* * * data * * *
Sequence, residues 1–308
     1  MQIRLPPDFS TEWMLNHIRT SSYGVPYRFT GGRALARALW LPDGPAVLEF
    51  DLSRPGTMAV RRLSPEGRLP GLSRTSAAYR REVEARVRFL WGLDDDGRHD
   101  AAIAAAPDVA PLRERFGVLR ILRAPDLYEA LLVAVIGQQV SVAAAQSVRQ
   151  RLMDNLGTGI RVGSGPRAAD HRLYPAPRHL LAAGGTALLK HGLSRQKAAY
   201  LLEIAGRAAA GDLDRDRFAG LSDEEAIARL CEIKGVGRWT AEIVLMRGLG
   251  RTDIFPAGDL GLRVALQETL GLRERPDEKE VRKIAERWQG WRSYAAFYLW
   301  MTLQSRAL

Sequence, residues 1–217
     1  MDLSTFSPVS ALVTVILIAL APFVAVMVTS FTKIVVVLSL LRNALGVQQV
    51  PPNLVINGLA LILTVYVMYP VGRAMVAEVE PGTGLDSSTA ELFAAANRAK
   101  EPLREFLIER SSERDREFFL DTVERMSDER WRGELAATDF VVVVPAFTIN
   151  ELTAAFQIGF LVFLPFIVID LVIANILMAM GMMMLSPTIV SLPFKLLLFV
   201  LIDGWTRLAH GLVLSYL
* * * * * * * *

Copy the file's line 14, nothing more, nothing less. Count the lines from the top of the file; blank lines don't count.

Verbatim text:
   201  LIDGWTRLAH GLVLSYL